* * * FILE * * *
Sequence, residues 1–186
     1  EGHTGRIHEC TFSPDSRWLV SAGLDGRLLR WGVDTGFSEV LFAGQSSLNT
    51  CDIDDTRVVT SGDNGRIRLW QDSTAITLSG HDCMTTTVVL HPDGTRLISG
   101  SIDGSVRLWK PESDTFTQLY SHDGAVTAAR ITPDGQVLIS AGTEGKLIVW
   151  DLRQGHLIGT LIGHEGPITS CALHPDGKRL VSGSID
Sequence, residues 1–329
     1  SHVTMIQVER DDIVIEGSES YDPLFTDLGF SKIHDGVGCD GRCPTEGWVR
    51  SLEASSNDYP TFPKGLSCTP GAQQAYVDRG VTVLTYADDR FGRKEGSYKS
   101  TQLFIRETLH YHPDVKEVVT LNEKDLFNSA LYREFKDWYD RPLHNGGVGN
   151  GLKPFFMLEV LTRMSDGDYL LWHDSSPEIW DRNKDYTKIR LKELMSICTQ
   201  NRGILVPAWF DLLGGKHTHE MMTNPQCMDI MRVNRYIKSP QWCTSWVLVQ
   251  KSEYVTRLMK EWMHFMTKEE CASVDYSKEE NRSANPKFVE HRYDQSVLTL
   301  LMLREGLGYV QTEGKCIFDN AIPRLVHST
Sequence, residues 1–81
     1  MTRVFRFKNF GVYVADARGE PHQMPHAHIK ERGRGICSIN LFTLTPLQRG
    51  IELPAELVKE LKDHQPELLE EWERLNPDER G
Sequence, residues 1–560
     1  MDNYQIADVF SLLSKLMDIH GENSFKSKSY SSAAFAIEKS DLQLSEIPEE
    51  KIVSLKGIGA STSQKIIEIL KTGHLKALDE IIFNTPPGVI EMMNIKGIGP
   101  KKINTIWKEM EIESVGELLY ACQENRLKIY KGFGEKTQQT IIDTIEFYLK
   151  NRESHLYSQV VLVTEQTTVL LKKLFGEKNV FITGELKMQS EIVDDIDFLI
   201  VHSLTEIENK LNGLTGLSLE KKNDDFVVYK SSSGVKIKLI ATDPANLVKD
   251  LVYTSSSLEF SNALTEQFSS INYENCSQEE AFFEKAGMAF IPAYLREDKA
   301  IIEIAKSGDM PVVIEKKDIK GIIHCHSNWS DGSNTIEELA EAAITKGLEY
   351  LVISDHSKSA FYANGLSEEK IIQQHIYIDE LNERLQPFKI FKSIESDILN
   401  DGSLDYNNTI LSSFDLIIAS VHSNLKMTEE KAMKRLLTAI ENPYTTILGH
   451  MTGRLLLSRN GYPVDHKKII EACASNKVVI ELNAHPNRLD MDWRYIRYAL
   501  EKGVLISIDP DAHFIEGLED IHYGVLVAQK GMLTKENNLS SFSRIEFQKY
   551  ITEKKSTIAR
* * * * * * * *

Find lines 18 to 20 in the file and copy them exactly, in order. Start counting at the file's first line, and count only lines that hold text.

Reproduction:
     1  MDNYQIADVF SLLSKLMDIH GENSFKSKSY SSAAFAIEKS DLQLSEIPEE
    51  KIVSLKGIGA STSQKIIEIL KTGHLKALDE IIFNTPPGVI EMMNIKGIGP
   101  KKINTIWKEM EIESVGELLY ACQENRLKIY KGFGEKTQQT IIDTIEFYLK